In the end, each Christian will stand before Christ to answer for his own caffeine usage. The Scriptures give grounds for our own careful self-evaluation but not for telling others that they must abstain. “Let no one pass judgment on you in questions of food and drink” (Colossians 2:16). Perhaps most pointed is Romans 14:3–4:
Let not the one who eats despise the one who abstains, and let not the one who abstains pass judgment on the one who eats, for God has welcomed him. Who are you to pass judgment on the servant of another? It is before his own master that he stands or falls. And he will be upheld, for the Lord is able to make him stand.
Christians will make honest, good-hearted differences in choice about whether or not to consume caffeine, and should not judge each other for them.
3. God Calls Us Not to Be Mastered
Christians are indeed free to partake, and into such freedom, the apostle Paul speaks a vital word: “I will not be enslaved by anything” (1 Corinthians 6:12 RSV).
A few years ago, freshly convicted not to be mastered by anything — including caffeine — I went forty days without caffeine. It was, ironically, an eye-opening experience. The first three days were more difficult than I expected. And, after the first week, it was easier than expected.
If you’re used to having coffee every morning, you likely have experienced the caffeine-withdrawal headache and grogginess when you miss a day. Depending on how severe the dependence, it may take several days to break your body of it and reset your mind and energy output to normal levels. The full reset typically takes the body about a week.
Perhaps you may want to consider a caffeine fast. Or at least begin to more carefully monitor how much caffeine you’re consuming each day — whether it’s really a healthy level, and whether you may want to scale back. As with all God’s good gifts, he calls us to self-control and faithful moderation. The wisdom of Proverbs 25:16 applies to caffeine: “If you have found honey, eat only enough for you, lest you have your fill of it and vomit it.” As with any of God’s good gifts, other than the gift of himself, we want to preserve the good by challenging our own sinful itch for overindulgence or lust for Encore, as C.S. Lewis called it.
4. God Invites Us to Make It Holy
Finally, if you partake, don’t just consume, but do so with thanksgiving (and faith), in view of what God says in his word. Respond back to him in prayer, and in doing so, sanctify your caffeinated drink, as with all of life. The warning we heard in 1 Timothy 4:3 rests on this explanation and vision in the following two verses:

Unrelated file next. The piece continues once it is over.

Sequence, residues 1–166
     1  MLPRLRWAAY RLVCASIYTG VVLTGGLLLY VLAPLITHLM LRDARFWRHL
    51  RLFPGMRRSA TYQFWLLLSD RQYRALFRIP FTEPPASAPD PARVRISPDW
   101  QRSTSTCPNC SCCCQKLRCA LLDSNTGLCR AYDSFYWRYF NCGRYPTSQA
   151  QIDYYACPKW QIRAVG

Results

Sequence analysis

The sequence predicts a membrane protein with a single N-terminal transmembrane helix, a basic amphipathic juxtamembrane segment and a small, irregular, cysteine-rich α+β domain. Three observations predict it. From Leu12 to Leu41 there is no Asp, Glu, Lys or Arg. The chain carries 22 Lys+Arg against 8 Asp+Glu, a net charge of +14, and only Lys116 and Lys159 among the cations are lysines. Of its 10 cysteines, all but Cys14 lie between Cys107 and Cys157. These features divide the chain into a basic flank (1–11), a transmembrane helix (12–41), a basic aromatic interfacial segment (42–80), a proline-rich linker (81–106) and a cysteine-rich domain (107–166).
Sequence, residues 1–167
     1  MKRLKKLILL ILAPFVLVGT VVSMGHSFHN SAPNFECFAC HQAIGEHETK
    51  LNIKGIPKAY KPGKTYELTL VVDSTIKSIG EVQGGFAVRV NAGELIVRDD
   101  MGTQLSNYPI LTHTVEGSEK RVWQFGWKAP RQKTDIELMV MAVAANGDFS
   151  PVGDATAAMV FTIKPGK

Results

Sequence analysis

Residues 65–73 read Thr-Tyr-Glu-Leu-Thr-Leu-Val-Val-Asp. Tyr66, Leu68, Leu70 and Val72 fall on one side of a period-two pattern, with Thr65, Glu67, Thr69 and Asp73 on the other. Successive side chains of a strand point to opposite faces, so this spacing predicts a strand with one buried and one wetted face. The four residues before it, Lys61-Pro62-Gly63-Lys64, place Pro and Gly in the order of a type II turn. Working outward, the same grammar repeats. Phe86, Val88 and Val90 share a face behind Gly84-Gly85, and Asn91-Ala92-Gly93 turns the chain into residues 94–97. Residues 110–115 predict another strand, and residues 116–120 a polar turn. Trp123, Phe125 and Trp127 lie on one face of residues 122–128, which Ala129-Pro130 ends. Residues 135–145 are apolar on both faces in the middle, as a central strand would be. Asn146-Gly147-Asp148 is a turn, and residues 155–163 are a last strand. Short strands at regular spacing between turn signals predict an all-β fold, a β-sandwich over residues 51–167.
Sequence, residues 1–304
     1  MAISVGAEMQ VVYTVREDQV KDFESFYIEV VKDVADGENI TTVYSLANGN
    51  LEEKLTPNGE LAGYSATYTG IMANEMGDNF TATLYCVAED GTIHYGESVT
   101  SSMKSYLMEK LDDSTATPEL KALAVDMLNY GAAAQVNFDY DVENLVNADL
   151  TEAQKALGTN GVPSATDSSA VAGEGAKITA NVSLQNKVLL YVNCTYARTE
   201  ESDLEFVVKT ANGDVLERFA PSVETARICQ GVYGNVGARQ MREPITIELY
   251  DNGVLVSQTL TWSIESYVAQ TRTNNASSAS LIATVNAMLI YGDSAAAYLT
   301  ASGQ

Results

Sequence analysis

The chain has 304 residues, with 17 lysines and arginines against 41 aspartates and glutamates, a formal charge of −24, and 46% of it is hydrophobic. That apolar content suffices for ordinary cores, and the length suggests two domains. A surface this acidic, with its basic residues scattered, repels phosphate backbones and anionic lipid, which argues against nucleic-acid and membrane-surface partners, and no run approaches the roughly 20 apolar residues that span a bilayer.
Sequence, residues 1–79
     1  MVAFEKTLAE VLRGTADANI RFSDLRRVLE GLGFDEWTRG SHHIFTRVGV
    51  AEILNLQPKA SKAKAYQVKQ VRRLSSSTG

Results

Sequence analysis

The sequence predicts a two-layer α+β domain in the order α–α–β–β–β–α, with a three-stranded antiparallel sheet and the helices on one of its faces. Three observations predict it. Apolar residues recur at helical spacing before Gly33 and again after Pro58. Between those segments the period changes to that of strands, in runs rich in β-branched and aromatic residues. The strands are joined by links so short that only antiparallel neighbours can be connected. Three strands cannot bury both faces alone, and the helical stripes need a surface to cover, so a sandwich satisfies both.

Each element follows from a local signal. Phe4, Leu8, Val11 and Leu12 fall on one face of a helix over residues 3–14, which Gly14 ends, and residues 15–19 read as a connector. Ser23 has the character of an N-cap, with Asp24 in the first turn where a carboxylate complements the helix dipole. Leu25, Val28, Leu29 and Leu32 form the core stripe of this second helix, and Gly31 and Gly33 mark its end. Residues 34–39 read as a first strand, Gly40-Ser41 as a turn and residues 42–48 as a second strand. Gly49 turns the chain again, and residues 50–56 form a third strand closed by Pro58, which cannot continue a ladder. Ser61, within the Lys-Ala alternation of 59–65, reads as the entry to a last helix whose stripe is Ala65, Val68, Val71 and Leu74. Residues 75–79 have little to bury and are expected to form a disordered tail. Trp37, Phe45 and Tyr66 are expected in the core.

For everything created by God is good, and nothing is to be rejected if it is received with thanksgiving, for it is made holy by the word of God and prayer. (1 Timothy 4:4–5)
Perhaps a good first test of our caffeine consumption would be, Do I receive it with thanksgiving to God? (1 Timothy 4:4). Do I drink in his presence, before his face, with faith? Romans 14:23 says that “whatever does not proceed from faith is sin.” Do I drink as a Christian, or just like the ungodly?
We have more to say, though, than simply partake with rhythms of conscious gratitude to God. First Timothy 4:5 presses us to go a step further and make it holy by the word of God and prayer. “The word of God” is simply whatever God says about it. I’ve sought to fill this article with biblical texts related to what God says about the goodness of his creation, including caffeine, as well as about the wisdom and gratitude with which he calls us to receive his gifts.
None Drinks to Himself
Prayer is our response back to God in light of what he says. We make caffeine-consumption holy through short, whispered prayers of praise, thanksgiving, and petition. Perhaps something like the following:
Father, I praise you as the one most worth being awake to. I thank you for caffeinating your world and providing this gift for alertness, energy, and joy. Smile on its use to my body and sanctify it. Make me alert to you and your gospel and to the needs of others. Give me energy for acts of love and self-sacrificial service and gospel witness. Empower me, particularly by your Spirit, to make Jesus look good today. In his name, I pray. Amen.
In Romans 14–15, when Paul addresses the secondary issues that were dividing some Christians in the first century, he grounds his teaching on these seemingly small preferences in the massive reality of what Christ has accomplished for us. And it’s not irrelevant to our caffeine use, or abstention, today:
None of us lives to himself, and none of us dies to himself. For if we live, we live to the Lord, and if we die, we die to the Lord. So then, whether we live or whether we die, we are the Lord’s. For to this end Christ died and lived again, that he might be Lord both of the dead and of the living. (Romans 14:7–9)
If we gladly call Jesus “Lord,” and acknowledge that we are his, and genuinely seek to live to him, rather than to self, then the big pieces are in place for enjoying caffeine to the glory of Christ.